2022 Hackaday Prize: Plant Monitoring System Grows To Include LoRa

Change on industrial scales is slow, but if you’re operating your own small farm or simply working in a home garden there are some excellent ways to use water more effectively. The latest tool from [YJ] makes it possible to use much less water while still keeping plant yields high.

This is an improvement on a previous project which automates watering and lighting of a small area or single pot. This latest creation, called FLORA, includes a LoRa module for communication up to 3 kilometers, and the ESP32 on board also handles monitoring of soil moisture, humidity and other sensors. It also includes a pump driver for managing irrigation systems so that smart decisions can be made about when to water. Using this device, the water usage when testing was reduced by around 30% compared to a typical timed irrigation system.

Using a smart system like this is effective for basically any supply of water, but for those who get water from something like an off-grid rainwater system or an expensive water utility, the gains are immediate. If you aren’t already growing your own food to take advantage of tools like this, take a look at this primer to get you started.

7 thoughts on “2022 Hackaday Prize: Plant Monitoring System Grows To Include LoRa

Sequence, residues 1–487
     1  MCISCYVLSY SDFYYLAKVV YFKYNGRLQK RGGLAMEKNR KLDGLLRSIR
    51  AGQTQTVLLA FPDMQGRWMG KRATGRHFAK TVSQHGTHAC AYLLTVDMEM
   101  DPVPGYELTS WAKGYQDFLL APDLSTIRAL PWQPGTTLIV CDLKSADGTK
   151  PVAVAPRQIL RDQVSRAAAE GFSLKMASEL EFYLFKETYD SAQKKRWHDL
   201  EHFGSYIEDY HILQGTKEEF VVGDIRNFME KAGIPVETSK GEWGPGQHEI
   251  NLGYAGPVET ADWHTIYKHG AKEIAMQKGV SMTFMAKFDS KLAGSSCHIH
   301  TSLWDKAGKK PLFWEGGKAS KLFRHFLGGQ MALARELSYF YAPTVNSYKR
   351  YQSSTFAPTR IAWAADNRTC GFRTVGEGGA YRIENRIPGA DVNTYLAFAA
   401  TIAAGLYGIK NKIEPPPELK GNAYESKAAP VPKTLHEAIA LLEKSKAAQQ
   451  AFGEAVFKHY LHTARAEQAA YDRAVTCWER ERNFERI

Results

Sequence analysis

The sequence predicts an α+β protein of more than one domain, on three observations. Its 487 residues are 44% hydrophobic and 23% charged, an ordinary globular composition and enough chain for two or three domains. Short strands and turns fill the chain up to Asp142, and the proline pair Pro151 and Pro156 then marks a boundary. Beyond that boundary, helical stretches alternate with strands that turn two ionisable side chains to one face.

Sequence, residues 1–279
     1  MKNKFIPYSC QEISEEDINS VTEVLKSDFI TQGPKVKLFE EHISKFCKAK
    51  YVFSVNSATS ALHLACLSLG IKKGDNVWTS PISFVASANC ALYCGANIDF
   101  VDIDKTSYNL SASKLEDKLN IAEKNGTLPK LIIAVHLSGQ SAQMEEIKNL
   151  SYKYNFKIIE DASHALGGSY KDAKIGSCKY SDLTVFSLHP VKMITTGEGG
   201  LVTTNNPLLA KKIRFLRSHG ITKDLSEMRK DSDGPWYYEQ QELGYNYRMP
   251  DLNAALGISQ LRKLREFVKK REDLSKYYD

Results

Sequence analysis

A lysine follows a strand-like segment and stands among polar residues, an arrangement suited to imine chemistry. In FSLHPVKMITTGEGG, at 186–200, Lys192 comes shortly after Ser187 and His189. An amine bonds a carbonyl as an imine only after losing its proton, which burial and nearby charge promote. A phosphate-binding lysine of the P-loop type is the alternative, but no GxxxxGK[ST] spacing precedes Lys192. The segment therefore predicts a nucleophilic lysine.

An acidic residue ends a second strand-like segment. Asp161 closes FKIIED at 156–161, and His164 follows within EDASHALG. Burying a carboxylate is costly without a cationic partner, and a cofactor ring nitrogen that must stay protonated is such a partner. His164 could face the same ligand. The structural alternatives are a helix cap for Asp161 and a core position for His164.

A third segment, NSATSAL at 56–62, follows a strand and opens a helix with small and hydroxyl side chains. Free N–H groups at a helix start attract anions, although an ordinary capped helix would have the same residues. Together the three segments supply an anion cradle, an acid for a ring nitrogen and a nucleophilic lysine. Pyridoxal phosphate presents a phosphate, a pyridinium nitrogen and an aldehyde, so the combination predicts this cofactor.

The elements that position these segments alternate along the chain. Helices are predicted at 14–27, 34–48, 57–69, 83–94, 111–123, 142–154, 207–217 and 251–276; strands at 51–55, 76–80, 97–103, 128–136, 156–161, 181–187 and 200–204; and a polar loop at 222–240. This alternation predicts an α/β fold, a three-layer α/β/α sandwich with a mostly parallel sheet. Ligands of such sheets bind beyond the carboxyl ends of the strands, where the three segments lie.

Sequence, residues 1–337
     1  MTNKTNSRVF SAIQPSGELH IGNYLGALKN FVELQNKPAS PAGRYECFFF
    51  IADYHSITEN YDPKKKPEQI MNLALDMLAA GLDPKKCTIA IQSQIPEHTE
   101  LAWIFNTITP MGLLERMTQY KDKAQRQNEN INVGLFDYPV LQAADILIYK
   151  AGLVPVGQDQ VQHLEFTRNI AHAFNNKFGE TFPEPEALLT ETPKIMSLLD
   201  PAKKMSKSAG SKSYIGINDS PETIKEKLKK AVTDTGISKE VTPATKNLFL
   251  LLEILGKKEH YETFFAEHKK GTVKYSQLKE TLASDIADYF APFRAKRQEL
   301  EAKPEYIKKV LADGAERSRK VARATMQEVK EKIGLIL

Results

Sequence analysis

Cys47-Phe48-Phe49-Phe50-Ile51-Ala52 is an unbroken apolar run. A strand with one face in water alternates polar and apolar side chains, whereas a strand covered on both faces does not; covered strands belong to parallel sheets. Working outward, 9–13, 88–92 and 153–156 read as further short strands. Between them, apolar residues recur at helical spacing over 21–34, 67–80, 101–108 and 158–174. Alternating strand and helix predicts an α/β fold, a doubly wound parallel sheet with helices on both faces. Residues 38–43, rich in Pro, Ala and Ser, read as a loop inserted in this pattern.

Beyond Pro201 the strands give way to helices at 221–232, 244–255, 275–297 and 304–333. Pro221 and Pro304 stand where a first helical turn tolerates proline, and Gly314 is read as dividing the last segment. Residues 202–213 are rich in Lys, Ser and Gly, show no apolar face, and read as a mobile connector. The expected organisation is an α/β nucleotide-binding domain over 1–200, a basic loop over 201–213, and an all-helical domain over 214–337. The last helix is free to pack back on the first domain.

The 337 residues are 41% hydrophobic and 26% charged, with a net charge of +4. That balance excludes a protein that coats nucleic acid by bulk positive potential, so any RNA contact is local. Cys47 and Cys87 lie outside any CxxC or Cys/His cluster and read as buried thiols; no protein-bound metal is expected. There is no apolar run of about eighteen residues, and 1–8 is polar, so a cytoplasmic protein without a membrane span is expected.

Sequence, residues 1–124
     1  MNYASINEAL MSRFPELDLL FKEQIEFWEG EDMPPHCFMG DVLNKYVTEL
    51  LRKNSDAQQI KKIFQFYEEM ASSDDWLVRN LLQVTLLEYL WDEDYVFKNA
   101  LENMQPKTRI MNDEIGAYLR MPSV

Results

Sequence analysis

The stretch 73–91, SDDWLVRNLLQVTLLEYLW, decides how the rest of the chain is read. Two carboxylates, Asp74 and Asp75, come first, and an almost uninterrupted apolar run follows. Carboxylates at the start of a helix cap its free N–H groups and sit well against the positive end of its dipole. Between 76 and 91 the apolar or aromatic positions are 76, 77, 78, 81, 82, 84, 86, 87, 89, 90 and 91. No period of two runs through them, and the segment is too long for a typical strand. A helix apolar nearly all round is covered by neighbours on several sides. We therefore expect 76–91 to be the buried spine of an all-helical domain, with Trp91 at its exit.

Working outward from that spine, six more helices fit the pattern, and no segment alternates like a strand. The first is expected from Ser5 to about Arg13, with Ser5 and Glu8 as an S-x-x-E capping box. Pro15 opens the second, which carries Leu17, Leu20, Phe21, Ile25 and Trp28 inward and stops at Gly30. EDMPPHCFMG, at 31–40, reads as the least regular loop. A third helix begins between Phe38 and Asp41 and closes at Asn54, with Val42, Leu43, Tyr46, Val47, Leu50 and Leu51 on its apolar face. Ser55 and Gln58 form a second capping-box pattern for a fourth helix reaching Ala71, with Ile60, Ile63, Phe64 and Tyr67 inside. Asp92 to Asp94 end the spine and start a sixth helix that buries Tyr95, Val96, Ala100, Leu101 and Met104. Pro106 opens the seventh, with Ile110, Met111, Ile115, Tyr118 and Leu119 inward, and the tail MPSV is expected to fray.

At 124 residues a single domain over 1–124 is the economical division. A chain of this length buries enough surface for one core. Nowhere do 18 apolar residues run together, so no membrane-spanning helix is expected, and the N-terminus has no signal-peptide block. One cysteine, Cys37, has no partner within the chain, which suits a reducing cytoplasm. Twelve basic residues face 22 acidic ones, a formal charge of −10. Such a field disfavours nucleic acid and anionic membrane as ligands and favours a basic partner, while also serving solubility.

1. We have also noticed fairly low LoRa range with poor antennas in indoor and urban scenarios. So range in the 100s of meters. I am pleased to hear that it is not something that we are doing wrong.

    1. As someone living in a large concrete building, with a poor LoRaWAN gateway with a small antenna, I was able to achieve 1.5km without difficulty and no effort.

      In a more rural situation, I don’t expect there’d be much problem unless there was a significant amount of wet foliage in the path.

    2. With a lousy “coil” PCB antenna, no matching, and plenty of components and tracks around, all bets are off. I guess people think an antenna is some kind of rune you copy-paste from a random app note, draw in copper and data is magically transmitted. ¯\_(ツ)_/¯
      With any semi-decent antenna, yes, 3km is realistic.

      To give you some figures I have verified myself: in a dense urban environment (Haussmannian Paris), from the top of a building to a basement, with 1dBi short sleeve dipoles on both sides, range was more than 1.5 km. In “normal” euro-city you can count on a few km. In a rural environment, you’re basically limited by the radio horizon. And in “line of sight”, actual maximum Lora range is around 500 km, which makes the curvature of the Eath quite a challenge. All that at 25mW, no extra antenna gain.

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